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Daily News Blog

26
Oct

Major Popcorn Supplier to Eliminate Neonic Treated Seeds

(Beyond Pesticides, October 26, 2015) Last week, Pop Weaver, the second largest popcorn supplier in the country, released an official statement on its commitment to “removing 50 percent of its neonicotinoid usage in 2016, 75 percent in 2017, with a long-term commitment of further reducing usage by working with agricultural universities and those companies supplying neonicotinoids to the seed industry.” Widely-used neonicotinoids (neonics), which as systemic chemicals move through a plant’s vascular system and express poison through pollen, nectar, and guttation droplets, have been identified in multiple  peer-reviewed studies  and by beekeepers  as the major contributing factor in bee decline. This commitment is a response to a campaign led by Center for Food Safety (CFS), which asked citizens to sign a petition asking Pop Weaver, and other large popcorn suppliers, to protect bees and other pollinators by phasing out the use of neonicotinoid-coated corn seed. Over 37,000 people have signed their petition.

popcornAmericans eat, on average, 17.3 billion quarts of popcorn each year; each American eats about 68 quarts. According to CFS, there are roughly 40 insecticides currently registered for use as an active chemical on popcorn, including 3 bee-toxic neonicotinoid chemicals: clothianidin, thiamethoxam, and imidacloprid. Between  79 and 100 percent of corn seed in the U.S. is coated with neonicotinoids, including the corn used for popping.

There have been additional reports and studies published over the past few years questioning the benefits of neonic use.  In 2014, Beyond Pesticides featured an article, No Longer a Big Mystery, in the  quarterly newsletter Pesticides and You that challenges  industry claims that neonics are safe. The article references bee health science that reports that even small, low-dose (sublethal) neonicotinoid exposures can have detrimental effects on bees. Also in 2014, CFS  published a report  refuting claims that neonicotinoids bring greater benefits than costs to farmers. In the report, researchers analyzed independent, peer-reviewed, scientific literature and found that the benefits of prophylactic neonicotinoid use via seed treatments were nearly non-existent, and that any minor benefits that did occur were negated due to  honey bee colony impacts, reduced crop pollination by honey bees, reduced production of honey and other bee products, loss of ecosystem services, and market damage from contamination events. According to an international team of researchers led by Geoff Williams, MD, PhD, at the University of Bern in Switzerland, exposure to neonicotinoid (neonic) pesticides results in overwhelming negative impacts to the health of honey bee queens. This year, the U.S. Geological Survey found that neonic insecticides contaminate over half of urban and agricultural streams across the United States and Puerto Rico; which exemplifies the impacts these chemicals have on other organisms, like  birds  (a single kernel of neonic-coated corn  is enough to kill a songbird).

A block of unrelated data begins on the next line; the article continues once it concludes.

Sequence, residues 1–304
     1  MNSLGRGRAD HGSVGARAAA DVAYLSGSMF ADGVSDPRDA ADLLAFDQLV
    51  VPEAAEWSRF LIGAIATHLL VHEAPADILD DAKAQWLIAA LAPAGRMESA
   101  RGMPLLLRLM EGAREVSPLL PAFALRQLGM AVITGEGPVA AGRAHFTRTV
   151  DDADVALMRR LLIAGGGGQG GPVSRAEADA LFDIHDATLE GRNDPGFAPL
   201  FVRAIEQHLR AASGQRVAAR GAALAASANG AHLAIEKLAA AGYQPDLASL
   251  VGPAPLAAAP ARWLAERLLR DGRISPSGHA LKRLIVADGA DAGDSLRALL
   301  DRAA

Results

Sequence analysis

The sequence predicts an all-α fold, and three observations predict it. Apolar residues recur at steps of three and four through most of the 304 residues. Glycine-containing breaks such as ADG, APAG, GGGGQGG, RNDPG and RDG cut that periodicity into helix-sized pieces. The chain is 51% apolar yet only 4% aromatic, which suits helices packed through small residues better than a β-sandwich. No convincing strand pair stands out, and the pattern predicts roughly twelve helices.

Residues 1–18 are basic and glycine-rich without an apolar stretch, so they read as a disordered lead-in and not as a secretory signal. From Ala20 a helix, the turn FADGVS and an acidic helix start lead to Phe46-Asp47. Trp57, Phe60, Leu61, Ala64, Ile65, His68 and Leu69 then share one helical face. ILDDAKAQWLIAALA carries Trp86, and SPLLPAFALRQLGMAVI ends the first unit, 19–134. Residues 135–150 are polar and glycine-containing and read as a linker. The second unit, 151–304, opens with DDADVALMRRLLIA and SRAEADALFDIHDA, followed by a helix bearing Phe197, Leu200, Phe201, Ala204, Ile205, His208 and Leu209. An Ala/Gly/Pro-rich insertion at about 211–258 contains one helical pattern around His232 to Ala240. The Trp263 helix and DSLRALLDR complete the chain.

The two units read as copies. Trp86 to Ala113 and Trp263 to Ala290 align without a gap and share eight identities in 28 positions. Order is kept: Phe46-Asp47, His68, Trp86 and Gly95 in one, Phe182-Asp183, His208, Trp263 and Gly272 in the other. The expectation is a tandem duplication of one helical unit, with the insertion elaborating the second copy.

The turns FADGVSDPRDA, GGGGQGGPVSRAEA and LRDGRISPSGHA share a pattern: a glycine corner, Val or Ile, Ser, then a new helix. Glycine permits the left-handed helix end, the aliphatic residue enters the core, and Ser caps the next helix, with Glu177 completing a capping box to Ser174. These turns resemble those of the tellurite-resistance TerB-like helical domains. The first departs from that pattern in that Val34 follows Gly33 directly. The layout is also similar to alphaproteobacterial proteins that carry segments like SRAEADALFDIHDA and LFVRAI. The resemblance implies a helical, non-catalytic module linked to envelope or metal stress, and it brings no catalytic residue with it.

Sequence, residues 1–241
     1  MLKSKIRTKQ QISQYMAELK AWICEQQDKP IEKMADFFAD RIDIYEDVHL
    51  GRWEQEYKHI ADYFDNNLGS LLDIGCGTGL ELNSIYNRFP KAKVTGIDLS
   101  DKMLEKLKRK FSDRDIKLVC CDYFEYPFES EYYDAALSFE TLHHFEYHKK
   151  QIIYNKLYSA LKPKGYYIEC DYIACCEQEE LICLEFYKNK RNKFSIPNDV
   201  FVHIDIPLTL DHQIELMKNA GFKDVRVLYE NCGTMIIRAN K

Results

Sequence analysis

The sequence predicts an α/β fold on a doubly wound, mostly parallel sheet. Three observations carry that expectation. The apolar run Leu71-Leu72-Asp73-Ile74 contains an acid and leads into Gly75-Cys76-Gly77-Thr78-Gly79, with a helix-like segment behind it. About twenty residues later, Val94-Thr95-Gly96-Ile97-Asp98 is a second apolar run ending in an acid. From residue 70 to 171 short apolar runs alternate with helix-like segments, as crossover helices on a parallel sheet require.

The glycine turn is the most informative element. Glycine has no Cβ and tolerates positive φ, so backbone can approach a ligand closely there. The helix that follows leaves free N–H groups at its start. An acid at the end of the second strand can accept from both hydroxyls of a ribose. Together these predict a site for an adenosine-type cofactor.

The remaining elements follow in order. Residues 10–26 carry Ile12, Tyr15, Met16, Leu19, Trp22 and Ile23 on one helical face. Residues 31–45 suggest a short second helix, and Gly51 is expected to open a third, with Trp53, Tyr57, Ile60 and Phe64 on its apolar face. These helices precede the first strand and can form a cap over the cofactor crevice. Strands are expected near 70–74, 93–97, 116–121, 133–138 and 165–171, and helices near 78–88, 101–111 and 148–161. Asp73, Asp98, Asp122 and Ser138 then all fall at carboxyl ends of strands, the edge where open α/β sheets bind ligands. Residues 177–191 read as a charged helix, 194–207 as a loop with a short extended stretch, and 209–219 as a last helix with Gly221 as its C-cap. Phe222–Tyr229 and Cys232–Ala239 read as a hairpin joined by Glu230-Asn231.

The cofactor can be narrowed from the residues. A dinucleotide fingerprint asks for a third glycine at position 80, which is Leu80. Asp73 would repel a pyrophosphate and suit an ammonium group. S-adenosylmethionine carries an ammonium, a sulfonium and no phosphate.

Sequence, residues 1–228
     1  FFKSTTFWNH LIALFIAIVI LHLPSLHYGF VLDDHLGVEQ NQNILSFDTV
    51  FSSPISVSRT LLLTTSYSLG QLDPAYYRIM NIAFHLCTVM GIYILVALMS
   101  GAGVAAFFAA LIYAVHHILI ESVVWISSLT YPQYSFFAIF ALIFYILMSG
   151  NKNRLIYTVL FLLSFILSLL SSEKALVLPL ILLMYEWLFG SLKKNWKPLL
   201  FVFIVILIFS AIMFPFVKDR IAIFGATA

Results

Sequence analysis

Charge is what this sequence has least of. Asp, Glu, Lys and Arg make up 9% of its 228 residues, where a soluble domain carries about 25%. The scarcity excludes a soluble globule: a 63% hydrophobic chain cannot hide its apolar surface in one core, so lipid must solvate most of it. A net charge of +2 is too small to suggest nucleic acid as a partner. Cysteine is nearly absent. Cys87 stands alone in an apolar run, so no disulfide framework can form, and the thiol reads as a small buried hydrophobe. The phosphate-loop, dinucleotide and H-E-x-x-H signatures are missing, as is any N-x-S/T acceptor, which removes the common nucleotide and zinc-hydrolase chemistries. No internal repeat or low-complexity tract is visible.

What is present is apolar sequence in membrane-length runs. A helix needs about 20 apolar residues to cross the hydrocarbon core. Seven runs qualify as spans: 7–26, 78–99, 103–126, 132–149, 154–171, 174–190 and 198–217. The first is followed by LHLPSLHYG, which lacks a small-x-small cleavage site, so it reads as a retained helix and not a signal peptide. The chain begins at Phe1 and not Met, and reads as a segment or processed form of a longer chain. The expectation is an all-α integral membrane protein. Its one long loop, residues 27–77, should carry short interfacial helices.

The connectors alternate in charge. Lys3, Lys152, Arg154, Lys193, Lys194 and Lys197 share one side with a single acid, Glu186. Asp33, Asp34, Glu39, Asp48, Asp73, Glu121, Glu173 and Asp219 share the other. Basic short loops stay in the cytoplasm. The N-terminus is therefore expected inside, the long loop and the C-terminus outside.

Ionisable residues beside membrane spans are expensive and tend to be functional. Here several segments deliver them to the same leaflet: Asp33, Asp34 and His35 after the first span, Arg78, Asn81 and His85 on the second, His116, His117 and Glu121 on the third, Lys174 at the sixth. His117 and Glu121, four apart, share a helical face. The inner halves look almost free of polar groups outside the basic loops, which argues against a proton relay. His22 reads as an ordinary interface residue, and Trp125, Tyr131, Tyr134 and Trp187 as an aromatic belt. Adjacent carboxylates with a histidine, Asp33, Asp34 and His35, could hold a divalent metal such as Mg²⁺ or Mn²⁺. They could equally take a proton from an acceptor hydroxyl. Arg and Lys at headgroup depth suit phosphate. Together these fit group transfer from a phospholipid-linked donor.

Neonic-coated seeds are a target of anti-neonic campaigns because this class of insecticides is systemic, meaning that they live within the plant and last much longer and in much more critical areas than other insecticides. Across the nation, jurisdictions, like Boulder and Lafayette, Colorado, have been banning or limiting neonicotinoids. Last year, Ontario, Canada proposed a plan to reduce the use of neonic-coated corn and soybean seeds by 80%. In 2013, the European Union issued a 2-year moratorium banning neonics. The U.S. Fish and Wildlife Service (FWS) agreed to ban neonicotinoid insecticides from all wildlife refuges nationwide by this January. For more information on pollinators and pesticides, see Beyond Pesticides’ BeeProtective page.

The  Saving America’s Pollinator’s Act of 2015  remains an avenue for Congress to address the pollinator crisis.  Contact your U.S. Representative  and ask them to support this important legislation today. You can also get active in your community to protect bees by advocating for policies that restrict their use. Montgomery County, Maryland recently  restricted the use of a wide range of pesticides, including neonics, on public and private property.  Sign here  if you’d like to see your community do the same!

All unattributed positions and opinions in this piece are those of Beyond Pesticides.

Source:  Center for Food Safety

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One Response to “Major Popcorn Supplier to Eliminate Neonic Treated Seeds”

  1. 1
    Amy Says:

    I heard an interview some years back. A farmer said that if neonics were banned, then corn farmers would have to go back to what they did in the ’80’s: Rotate Crops. Truly? Are we killing off bees and insects so that we can monocrop instead of rotating? Seems to me that the trade-offs are too high.

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